Tokyo 2020 Olympic Games
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Japanese swimmer Rikako Ikee has recovered from leukaemia to qualify for the Tokyo Olympics. Photo: AP

Naomi Osaka and the Olympians who have overcome illness or injury to take part in Tokyo Games

  • Rikako Ikee, Helen Maroulis, Thomas van der Plaetsen, Naomi Osaka, Santiago Lange and Kento Momota have all battled hardship
  • From leukaemia to testicular cancer, to concussion and mental health issues, these athletes have experienced it all

Everybody loves a poignant sports story and the Olympics offer an abundance of inspiring tales of athletes who come back from the brink. Like normal humans, finely tuned athletes suffer injuries and illnesses. Unlike normal humans, athletes have the Olympics as a lifetime goal to aim at, providing the incentive to haul themselves back on their feet to avoid missing out on a once-in-a-lifetime opportunity. An athlete’s career is short and medical issues can be devastating. However, there are enough examples of sportsmen and women who have risen from the depths of despair to thrive on the greatest sporting stage on earth.

From American sprinter Wilma Rudolph to swimming legend Michael Phelps, many elite athletes have warmed the hearts with stories of courage, determination and faith. This year’s Tokyo Olympics will feature a number of big names who have overcome hardship. Here are six inspiring comeback stories:

Rikako Ikee (swimming)

Foreign media who wish to cover the swimming have been warned. Book your seat early because the Japanese press will swamp the pool eager to see their heroine Rikako Ikee. In February, 2019, the 21-year-old Japanese star was diagnosed with leukaemia, just six months after setting the Jakarta Asian Games alight with six gold medals.

She spent 10 months in and out of hospital and only managed to return to competition in August 2020. Although she failed to qualify for any individual events, the fact that she made it into the Japanese 4x100m freestyle and 4x100m medley relay is a miracle in itself.

After finishing fifth in the 100m butterfly at the Rio Games, Ikee is now targeting Paris 2024 for her first individual medal but, with the backing of so many of her Japanese compatriots, she is hoping she can help her relay teams to a podium finish in front of home fans.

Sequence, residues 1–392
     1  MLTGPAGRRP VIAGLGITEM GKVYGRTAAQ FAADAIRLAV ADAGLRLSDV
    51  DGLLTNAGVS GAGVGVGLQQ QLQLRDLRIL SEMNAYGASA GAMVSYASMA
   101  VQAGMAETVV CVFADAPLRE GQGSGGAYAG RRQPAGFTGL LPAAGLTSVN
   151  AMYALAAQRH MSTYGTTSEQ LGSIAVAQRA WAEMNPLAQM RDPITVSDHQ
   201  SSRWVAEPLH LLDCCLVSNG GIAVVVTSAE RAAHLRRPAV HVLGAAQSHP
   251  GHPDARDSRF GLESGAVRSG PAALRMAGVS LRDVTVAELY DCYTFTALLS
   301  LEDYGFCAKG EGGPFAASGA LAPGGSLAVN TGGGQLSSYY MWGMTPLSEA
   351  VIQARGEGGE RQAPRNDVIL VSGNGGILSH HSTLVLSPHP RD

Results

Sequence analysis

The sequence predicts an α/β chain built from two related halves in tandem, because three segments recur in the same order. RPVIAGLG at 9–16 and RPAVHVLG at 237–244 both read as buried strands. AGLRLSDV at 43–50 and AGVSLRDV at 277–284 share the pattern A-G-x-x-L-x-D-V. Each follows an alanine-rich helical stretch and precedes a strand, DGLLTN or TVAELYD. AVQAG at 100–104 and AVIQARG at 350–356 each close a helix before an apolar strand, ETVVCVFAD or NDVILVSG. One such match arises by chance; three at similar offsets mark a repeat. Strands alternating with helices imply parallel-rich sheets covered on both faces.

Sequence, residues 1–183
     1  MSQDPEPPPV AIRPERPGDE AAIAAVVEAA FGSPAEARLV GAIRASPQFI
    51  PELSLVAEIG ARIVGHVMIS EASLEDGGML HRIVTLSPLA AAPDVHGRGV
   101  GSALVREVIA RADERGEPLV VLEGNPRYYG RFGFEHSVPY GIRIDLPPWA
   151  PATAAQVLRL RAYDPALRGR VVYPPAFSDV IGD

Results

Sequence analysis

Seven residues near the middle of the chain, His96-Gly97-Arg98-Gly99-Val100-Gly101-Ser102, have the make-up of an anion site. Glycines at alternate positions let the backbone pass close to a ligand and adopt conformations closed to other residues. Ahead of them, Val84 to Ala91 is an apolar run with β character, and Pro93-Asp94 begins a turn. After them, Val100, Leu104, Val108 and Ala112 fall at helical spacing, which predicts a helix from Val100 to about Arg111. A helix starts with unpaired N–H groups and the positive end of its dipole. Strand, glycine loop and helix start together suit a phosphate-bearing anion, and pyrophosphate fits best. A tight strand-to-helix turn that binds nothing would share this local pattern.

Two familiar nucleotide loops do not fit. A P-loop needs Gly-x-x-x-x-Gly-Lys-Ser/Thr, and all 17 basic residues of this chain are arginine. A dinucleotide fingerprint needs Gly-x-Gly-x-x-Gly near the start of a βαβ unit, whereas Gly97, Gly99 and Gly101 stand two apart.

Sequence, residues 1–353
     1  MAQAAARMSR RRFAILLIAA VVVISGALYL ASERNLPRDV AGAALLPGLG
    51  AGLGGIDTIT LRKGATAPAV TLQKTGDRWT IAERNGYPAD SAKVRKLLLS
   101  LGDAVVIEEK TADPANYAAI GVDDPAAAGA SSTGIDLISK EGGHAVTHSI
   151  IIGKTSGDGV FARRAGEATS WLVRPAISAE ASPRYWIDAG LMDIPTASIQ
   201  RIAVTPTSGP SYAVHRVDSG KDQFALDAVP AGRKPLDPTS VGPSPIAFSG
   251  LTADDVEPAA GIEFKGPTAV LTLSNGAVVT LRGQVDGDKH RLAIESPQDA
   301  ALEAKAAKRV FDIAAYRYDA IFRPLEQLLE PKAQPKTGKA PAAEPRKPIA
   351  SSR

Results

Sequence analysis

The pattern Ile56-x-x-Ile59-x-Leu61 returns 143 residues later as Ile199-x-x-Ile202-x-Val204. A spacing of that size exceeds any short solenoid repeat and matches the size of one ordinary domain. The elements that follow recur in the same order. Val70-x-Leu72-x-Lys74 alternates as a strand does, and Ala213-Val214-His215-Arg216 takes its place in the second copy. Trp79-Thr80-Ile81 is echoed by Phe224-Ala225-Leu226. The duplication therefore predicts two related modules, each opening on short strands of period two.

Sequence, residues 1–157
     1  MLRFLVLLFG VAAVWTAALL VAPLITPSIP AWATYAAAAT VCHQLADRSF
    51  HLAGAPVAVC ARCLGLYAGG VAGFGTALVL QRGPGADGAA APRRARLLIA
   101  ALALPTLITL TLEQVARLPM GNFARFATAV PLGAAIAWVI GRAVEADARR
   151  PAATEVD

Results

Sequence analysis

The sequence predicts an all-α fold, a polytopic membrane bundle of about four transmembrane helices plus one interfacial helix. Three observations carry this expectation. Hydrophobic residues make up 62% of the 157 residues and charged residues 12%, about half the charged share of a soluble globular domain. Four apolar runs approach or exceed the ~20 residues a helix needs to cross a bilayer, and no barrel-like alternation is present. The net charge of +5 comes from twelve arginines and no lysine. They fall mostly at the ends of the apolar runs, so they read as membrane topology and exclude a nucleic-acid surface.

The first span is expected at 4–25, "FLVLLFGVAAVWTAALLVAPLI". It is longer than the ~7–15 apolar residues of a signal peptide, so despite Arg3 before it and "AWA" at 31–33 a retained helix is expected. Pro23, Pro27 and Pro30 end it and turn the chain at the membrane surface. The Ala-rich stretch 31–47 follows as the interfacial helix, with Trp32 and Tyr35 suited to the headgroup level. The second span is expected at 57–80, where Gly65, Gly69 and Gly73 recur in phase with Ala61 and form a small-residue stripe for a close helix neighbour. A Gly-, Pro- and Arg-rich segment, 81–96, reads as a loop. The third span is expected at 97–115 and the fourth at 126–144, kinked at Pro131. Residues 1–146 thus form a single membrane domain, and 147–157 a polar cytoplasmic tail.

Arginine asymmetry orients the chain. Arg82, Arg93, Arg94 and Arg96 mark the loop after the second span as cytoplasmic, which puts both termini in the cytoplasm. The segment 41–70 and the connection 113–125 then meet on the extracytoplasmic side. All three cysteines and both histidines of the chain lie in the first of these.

Helen Maroulis (wrestling)

American freestyle wrestler Helen Maroulis was not too worried when she suffered a concussion during a match in 2018 after she was stiff-armed by her opponent and their heads clashed.

The 29-year-old had already experienced a concussion, in 2015, one year before her gold medal-winning performance at the Rio Games, becoming the first American to win the title at the Olympics. Back then, she made a quick and full recovery and Maroulis thought it would be the same again. But this time, it was different.

The injury not only caused fatigue and rendered her ultra sensitive to sound and light, but it also affected her brain’s emotional control centre, even altering her personality. Normally a person who would act on emotion, Maroulis found herself becoming more direct and logical in her interaction with people. She needed to wear noise-cancelling headphones and special glasses to combat her sensitivity to sound and light and was told to switch to a gluten-free diet to combat her other symptoms.

At her lowest point, the world champion thought of retiring. However, the Covid-19 pandemic was a blessing in disguise. The delayed Olympics gave her an extra year to make a full recovery and she is now heading to Tokyo in an attempt to defend her gold medal.

Thomas van der Plaetsen (athletics)

Thomas van der Plaetsen competes in the pole vault for the men decathlon at the European Athletics Championships in 2016. Photo: AFP

The positive doping test came as a shock to Belgian decathlete Thomas van der Plaetsen, but it was to be the least of his worries. Van der Plaetsen had to endure accusations of being a drug cheat after testing positive for the hormone HCG in 2014. In seeking an explanation, he was in for an even bigger shock after being diagnosed with testicular cancer at the age of 24. Four years earlier, he had lost his father to cancer.